Like everything on Memphis Slim's album Goin' Back to Tennessee or Alvin Youngblood Hart's "Tallacatcha" (a Western swing performance worthy of Bob Wills), Clarence "Gatemouth" Brown's 1975 Barclay album Down South in the Bayou Country completely transcends any and all attempts to confine this diverse artist within the artificial parameters of blues or any other preordained category. Consisting mostly of songs written by Hoyt Garrick, Jr., Charles Gressett, and David Craig with additional tunes by J. Loyd and Joe Stampley, this pretty parfait of country & western, Southern rock, cowboy hoedown, and electric Cajun soul music was recorded during February and March 1974 in Bogalusa, LA. Gatemouth, fresh from his tenure as Deputy Sheriff of San Juan County, NM, sounds particularly pleased to be active at the center of a project so completely infused with authentic Southern sensibilities. Perhaps the most satisfying track off of the original album is "Loup Garou." This hoodoo funk ritual with background vocals by Geraldine "Sister Gerry" Richard sounds as if it might have been influenced by Dr. John's "Loop Garoo," which had appeared on that artist's Atco album Remedies in 1970. Both songs drew upon traditional Louisiana lycanthropic folklore, a tradition that advises against wandering around in the swamp under the moon as you just might get taken out by a werewolf. Bonus tracks include a choice sampling of "studio verbiage and other appropriate banter," "Gate's Express" (a ferocious bit of fiddling based on "Orange Blossom Special"), and "Cassoulet," a very danceable Cajun fiddling boogie recorded in Paris during the summer of 1973 with a rhythm section composed of members of the rock group Canned Heat. Anyone who enjoys Down South in the Bayou Country should also investigate Gatemouth's 1975 follow-up album, Bogalusa Boogie Man.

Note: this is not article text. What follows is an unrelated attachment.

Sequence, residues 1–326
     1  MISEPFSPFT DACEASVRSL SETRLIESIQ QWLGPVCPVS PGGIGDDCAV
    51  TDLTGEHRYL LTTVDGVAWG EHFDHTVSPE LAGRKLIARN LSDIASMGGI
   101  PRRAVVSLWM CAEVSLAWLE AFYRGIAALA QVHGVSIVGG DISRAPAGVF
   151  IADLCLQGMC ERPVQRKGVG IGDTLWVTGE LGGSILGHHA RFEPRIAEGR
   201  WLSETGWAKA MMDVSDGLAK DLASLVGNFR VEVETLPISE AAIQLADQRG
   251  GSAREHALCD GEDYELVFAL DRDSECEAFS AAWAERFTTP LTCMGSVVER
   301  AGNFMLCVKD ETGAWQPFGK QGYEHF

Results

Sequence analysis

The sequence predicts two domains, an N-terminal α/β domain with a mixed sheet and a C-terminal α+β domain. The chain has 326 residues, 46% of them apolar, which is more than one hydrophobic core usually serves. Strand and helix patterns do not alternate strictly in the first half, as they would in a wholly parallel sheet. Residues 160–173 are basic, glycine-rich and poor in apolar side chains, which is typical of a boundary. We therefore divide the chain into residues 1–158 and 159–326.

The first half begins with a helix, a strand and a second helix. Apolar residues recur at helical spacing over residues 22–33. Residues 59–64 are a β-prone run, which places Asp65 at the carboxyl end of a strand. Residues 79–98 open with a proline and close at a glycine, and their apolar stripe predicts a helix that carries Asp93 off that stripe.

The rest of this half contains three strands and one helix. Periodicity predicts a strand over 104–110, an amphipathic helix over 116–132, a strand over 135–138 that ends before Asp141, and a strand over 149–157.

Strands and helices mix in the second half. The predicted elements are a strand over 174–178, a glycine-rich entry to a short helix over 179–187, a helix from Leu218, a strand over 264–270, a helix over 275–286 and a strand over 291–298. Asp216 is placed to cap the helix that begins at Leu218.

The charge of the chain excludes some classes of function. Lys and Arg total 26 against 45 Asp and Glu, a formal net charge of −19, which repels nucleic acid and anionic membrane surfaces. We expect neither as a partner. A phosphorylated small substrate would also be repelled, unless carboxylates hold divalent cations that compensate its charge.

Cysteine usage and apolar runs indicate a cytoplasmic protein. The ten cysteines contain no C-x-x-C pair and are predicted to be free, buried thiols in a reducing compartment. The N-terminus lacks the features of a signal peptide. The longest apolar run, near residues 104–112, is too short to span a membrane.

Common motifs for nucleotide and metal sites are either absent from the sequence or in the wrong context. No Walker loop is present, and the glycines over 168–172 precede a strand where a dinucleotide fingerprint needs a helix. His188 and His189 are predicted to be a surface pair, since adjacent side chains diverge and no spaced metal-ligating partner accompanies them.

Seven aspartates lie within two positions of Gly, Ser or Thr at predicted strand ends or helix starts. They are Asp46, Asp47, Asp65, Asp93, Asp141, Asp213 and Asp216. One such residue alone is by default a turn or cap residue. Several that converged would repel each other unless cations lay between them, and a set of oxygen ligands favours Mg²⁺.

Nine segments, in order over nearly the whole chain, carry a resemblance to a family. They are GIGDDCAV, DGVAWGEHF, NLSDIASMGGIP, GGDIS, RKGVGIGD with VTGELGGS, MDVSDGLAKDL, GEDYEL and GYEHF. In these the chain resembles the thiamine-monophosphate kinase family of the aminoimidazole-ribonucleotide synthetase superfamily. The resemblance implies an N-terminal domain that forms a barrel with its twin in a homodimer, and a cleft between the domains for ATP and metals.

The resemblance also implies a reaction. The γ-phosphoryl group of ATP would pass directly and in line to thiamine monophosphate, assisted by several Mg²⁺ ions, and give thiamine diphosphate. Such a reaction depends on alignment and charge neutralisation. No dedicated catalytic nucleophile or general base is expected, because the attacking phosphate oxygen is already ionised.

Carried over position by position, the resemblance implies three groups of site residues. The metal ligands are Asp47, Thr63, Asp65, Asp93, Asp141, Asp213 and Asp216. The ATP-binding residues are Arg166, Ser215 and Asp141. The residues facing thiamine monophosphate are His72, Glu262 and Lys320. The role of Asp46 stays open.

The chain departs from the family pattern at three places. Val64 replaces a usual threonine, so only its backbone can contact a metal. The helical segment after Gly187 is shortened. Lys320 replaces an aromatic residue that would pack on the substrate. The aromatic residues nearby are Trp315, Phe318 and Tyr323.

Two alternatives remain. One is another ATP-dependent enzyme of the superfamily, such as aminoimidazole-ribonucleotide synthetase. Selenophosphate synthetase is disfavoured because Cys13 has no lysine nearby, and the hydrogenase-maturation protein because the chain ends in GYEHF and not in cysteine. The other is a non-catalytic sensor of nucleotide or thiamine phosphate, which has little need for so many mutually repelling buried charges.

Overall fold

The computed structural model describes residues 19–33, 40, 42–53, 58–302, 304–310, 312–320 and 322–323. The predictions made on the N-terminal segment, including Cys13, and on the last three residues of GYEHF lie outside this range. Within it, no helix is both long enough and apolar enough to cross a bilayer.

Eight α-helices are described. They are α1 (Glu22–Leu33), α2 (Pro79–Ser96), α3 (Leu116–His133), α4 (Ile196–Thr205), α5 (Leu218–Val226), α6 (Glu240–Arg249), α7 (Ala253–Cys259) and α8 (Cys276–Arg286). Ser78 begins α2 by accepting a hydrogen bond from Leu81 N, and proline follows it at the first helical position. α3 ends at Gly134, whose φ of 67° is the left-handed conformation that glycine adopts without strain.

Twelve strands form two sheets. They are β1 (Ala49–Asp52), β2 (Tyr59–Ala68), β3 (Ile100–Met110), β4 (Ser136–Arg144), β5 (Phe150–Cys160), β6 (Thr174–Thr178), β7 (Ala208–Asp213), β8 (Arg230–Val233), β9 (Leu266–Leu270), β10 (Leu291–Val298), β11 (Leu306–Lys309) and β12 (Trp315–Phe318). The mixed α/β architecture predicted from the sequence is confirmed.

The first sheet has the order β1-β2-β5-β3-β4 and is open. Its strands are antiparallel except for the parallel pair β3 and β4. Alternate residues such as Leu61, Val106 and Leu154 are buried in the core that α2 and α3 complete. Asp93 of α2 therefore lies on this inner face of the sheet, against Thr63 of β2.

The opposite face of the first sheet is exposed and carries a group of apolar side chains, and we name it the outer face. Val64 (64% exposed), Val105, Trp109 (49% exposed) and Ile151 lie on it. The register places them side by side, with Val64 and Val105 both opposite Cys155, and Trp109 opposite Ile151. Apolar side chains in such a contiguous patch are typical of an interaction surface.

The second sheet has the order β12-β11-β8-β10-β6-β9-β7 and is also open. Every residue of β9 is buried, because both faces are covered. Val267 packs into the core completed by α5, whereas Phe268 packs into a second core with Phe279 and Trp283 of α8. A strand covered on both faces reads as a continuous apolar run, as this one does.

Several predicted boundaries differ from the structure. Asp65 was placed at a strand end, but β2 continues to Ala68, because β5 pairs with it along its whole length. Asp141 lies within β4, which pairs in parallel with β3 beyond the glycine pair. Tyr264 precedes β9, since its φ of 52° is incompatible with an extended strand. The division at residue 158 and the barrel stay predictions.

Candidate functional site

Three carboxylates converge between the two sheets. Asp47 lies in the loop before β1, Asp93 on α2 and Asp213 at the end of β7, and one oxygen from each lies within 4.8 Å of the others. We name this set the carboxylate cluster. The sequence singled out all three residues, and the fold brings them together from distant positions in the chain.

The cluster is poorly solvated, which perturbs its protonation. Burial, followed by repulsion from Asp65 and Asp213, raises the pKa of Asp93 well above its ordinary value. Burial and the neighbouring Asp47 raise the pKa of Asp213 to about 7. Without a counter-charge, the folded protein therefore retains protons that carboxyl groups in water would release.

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AllMusic Review by arwulf arwulf